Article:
I am a semi-regular contributor to the Hydraulics and Pneumatics forum (and you should be too, if you’re of mind to learn more about fluid power, or contribute to posts if you want to help others learn), where users posts questions, offer advice or just present ideas and trends in the industry. The forum is open to everyone, and I suggest you join if you haven’t already.
I’ve been on the forum since 2008, back when the legendary Bud Trinkel – long-time contributor to Hydraulics & Pneumatic, prolific educator and personal mentor – was also a regular contributor to the message board, until his passing in 2009.
The forum has grown a lot in four years, but there has always been an interesting constant – a topic of contention that seems to live on, refusing to die, like a zombie (co-incidentally, what my four-year-old son wants to be for Hallowe’en, although I’m not sure he understands the scope in which he’ll be converted by my hands into an epic movie-quality zombie). That topic of topic is whether hydraulic systems create motion via flow or force.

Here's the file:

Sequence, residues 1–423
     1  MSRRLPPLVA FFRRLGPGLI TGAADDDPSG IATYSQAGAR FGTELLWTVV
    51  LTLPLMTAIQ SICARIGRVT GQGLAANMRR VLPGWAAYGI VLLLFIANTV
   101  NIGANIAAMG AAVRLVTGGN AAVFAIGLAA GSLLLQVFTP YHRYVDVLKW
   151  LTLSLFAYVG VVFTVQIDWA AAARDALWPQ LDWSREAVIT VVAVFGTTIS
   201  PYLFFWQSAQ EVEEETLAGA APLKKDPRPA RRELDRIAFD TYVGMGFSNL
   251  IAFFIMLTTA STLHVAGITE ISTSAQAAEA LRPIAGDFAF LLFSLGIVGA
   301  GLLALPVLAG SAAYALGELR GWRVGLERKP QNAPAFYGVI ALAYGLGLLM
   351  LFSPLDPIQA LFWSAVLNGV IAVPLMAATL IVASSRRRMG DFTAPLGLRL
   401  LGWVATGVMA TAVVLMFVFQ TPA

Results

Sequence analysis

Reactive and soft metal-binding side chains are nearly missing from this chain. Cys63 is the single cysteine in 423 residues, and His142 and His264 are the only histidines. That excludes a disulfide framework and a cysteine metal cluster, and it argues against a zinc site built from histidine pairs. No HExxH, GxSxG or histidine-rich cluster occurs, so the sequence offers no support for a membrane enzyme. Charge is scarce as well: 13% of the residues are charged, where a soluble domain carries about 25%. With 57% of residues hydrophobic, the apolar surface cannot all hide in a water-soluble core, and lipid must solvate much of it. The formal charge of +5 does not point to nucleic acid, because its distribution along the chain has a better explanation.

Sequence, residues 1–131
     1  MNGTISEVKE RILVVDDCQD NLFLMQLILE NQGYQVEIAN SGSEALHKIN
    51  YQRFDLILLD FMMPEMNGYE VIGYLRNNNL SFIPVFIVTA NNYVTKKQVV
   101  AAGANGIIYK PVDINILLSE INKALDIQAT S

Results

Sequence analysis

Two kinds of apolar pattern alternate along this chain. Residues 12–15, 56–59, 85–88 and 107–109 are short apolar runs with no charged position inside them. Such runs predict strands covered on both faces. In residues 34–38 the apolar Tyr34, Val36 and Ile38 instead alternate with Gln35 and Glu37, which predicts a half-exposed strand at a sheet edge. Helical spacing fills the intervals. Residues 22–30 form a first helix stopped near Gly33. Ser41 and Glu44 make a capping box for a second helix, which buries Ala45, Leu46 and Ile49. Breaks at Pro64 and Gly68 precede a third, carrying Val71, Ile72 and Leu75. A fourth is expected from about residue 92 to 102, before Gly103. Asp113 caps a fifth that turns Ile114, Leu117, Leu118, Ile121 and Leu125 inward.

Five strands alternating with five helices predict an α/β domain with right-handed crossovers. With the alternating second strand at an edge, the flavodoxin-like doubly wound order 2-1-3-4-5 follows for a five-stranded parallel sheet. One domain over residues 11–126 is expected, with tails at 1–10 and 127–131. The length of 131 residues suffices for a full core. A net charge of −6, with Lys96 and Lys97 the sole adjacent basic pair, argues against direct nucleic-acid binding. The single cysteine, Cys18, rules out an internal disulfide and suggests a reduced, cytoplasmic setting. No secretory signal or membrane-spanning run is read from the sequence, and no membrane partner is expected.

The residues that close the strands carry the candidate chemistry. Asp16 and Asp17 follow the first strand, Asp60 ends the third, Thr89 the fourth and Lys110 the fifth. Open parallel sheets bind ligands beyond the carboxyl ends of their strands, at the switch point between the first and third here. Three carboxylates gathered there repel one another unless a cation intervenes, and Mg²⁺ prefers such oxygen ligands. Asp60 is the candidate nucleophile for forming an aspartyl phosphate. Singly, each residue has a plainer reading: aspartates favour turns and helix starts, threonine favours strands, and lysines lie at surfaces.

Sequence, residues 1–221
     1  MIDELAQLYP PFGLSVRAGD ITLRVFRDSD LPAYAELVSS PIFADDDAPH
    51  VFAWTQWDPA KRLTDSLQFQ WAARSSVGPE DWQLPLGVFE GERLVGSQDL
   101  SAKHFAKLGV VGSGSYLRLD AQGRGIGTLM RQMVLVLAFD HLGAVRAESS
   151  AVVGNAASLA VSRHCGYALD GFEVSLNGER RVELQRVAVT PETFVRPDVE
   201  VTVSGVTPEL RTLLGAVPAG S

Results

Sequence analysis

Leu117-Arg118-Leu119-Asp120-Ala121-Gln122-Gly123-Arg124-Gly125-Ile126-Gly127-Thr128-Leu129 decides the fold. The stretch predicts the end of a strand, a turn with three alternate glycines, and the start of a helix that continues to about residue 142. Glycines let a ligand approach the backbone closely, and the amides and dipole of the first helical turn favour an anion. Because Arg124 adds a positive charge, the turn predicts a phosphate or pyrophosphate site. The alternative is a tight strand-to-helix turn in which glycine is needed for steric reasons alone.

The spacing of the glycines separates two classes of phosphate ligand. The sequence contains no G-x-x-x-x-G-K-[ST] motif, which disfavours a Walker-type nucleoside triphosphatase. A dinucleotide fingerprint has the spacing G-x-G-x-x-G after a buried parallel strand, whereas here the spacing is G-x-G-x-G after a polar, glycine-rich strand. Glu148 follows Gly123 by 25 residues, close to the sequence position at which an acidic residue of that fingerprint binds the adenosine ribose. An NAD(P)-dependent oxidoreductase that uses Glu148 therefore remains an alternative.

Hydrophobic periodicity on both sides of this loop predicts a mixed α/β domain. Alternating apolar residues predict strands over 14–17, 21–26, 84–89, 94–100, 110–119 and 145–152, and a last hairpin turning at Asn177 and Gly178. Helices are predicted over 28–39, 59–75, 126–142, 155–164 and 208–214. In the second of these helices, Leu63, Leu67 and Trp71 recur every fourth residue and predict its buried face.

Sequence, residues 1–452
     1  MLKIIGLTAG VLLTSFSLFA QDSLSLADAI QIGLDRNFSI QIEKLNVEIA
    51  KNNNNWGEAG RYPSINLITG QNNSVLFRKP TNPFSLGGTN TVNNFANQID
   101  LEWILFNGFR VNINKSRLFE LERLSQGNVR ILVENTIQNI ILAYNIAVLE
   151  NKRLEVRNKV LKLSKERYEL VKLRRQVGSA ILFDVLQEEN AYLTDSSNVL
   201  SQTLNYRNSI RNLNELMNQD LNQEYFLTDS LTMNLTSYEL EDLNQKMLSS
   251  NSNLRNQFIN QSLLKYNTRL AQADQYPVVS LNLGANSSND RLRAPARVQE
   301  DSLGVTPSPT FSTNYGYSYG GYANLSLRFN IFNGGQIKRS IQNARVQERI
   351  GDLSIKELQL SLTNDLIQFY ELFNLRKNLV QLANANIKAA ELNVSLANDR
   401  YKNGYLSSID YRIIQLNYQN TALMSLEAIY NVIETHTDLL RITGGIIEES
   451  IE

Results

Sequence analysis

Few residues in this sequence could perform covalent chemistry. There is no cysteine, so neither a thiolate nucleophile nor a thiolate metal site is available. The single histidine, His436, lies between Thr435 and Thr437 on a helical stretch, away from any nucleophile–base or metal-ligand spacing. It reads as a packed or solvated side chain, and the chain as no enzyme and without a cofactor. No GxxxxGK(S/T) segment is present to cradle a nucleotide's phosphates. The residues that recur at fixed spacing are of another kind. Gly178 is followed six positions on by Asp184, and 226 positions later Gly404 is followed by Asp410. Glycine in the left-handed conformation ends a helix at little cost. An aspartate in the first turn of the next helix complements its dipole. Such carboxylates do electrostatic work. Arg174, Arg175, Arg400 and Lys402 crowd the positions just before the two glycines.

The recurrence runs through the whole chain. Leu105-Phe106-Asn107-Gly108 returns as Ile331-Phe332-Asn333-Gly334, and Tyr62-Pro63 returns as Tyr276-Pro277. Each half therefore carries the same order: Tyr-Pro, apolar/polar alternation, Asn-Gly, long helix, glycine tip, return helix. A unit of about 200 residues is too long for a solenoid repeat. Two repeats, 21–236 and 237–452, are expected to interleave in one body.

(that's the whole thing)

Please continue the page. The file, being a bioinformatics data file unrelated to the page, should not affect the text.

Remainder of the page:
There are the die-hards who cling to “Flow Makes it Go,” with the belief that hydraulic cylinders and motors move because fluid flows through them. On the other side of the debating floor, some claim that “Force Makes it Go," and actuators move because pressure is acting upon them. Each have their arguments, such as using the flow calculations for cylinder cycle times to argue the prior point, and Newton’s Laws of Motion to contend for the latter point.
I know which side I’m on, and although my ability to back up my claim with differential calculus isn’t as strong as some of the others, I bring some valid arguments to the table. Which side are you on? Visit the forum and create a discussion, or involve yourself with some of the previous threads. We’d love to see you there!